Returning to the main argument, the same natural human tendency toward ignorance of foreigners appears also to influence the minds of those who hate the United States.

There are those who despise the United States because they despise Western civilization, capitalism, or democracy. There are those who despise the government of the United States because they despise the American global push for secularism and abortion rights.

And yet there are many Americans who despise their own government for the same reasons.

Lew Rockwell made exactly this point on Christmas Eve, 1999, in an open letter to the potential terrorists of the world which originally appeared on WorldNetDaily.

As Rockwell wrote,

You are undoubtedly outraged at the bombings and ongoing sanctions against Iraq. It’s true that these actions are grossly contrary to morality. It’s also true that tens of thousands of civilians have died because of them. But these actions were undertaken by the dictatorial executive branch, and with only the tacit approval of the Congress. No one asked the American people if we wanted this. Thanks to the long, progressive seizure of power by the presidency, the Clinton administration can act on its own, and pursue its own agenda apart from the will of the American people.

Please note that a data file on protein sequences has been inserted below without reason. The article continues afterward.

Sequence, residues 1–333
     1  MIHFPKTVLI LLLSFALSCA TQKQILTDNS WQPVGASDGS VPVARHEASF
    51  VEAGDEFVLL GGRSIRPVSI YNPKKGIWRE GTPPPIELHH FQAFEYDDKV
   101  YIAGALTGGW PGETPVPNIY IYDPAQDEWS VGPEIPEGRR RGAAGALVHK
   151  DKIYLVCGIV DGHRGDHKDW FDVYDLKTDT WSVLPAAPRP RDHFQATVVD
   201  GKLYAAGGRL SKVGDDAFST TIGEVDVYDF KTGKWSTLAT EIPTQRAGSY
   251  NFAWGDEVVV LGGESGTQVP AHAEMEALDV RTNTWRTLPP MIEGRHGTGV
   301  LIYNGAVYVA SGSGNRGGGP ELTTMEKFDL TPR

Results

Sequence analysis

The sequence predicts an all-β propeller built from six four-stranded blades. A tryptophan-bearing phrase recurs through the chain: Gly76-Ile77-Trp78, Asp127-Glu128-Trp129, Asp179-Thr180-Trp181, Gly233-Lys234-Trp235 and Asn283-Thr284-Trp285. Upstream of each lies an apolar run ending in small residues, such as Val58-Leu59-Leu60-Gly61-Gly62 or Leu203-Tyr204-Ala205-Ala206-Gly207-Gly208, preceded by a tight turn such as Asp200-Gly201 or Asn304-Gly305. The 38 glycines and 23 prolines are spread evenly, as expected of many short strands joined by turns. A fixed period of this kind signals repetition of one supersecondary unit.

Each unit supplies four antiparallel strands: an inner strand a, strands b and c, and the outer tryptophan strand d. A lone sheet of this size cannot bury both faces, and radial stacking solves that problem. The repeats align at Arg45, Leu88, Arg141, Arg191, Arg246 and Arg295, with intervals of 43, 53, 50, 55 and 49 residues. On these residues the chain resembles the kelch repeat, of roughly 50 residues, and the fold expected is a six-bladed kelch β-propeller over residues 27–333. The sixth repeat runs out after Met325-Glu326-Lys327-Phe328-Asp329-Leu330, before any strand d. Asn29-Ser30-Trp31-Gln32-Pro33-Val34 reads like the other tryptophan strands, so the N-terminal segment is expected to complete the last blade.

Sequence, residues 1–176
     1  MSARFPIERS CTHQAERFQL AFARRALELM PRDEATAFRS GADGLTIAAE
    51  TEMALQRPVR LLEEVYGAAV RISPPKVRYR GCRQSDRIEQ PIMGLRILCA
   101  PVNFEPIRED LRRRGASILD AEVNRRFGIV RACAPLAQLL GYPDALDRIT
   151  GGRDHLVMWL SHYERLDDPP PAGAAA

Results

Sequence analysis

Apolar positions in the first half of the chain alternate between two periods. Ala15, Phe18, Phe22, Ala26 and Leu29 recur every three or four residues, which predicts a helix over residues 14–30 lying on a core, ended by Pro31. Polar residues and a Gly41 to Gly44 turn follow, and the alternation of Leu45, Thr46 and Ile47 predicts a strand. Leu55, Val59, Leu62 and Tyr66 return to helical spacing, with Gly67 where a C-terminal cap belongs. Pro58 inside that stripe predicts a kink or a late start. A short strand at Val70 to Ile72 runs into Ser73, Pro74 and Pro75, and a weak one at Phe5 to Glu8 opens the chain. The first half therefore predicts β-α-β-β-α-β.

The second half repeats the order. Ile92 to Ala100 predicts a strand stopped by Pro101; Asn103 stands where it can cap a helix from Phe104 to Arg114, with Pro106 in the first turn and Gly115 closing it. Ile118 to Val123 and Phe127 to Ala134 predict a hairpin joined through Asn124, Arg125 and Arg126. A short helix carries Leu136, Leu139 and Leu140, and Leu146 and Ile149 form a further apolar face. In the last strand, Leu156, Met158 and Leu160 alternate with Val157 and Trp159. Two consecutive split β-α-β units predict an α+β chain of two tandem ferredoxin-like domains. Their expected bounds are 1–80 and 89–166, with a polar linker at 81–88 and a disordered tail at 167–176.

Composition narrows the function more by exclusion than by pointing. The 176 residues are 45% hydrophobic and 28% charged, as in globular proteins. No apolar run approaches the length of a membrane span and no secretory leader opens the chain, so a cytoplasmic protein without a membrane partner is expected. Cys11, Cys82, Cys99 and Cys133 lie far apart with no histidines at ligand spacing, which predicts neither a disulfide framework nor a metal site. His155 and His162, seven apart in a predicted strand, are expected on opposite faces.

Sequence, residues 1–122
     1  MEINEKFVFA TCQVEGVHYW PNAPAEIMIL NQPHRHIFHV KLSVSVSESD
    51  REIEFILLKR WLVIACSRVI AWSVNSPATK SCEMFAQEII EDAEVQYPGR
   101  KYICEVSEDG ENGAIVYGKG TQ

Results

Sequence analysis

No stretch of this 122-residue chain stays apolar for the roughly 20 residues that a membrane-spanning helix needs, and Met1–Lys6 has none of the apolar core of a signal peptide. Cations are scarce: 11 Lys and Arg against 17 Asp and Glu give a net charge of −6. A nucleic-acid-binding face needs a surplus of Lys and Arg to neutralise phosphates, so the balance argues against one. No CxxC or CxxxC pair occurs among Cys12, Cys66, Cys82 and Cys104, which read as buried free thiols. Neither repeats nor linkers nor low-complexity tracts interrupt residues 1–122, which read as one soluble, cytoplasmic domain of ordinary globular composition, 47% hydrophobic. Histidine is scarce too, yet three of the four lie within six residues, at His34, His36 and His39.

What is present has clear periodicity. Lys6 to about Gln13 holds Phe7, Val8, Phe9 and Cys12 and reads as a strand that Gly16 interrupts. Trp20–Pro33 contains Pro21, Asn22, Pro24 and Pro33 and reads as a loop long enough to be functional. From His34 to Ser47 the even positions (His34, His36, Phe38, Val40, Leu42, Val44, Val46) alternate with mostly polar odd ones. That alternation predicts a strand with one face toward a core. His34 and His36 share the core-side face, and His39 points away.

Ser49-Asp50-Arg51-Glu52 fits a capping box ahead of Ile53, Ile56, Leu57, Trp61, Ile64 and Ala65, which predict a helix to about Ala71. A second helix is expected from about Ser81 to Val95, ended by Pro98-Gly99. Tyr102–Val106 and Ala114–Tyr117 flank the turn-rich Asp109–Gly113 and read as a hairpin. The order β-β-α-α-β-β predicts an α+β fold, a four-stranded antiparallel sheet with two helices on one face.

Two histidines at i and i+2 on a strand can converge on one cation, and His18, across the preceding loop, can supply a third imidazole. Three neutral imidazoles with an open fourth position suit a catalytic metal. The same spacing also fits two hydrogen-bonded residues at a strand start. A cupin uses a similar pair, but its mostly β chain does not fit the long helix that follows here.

As Rockwell also noted, attacking the American people would be a colossally stupid thing to do:

What can be done about it? You may propose violence, but that would be wrong, and it can only lead to more bombings, more interventions, and more crackdowns on liberties, at home and abroad. Indeed, terrorism can only play into the hands of the government because it seems to validate everything the Clinton administration is saying.

In other words, Osama bin Laden has done exactly the last thing he should have ever done if he genuinely wants peace in Palestine and Iraq. Attacking the American people will not bring peace to Palestine or Iraq — ever. Instead, the attacks on America will bring a spiral of more and more violence.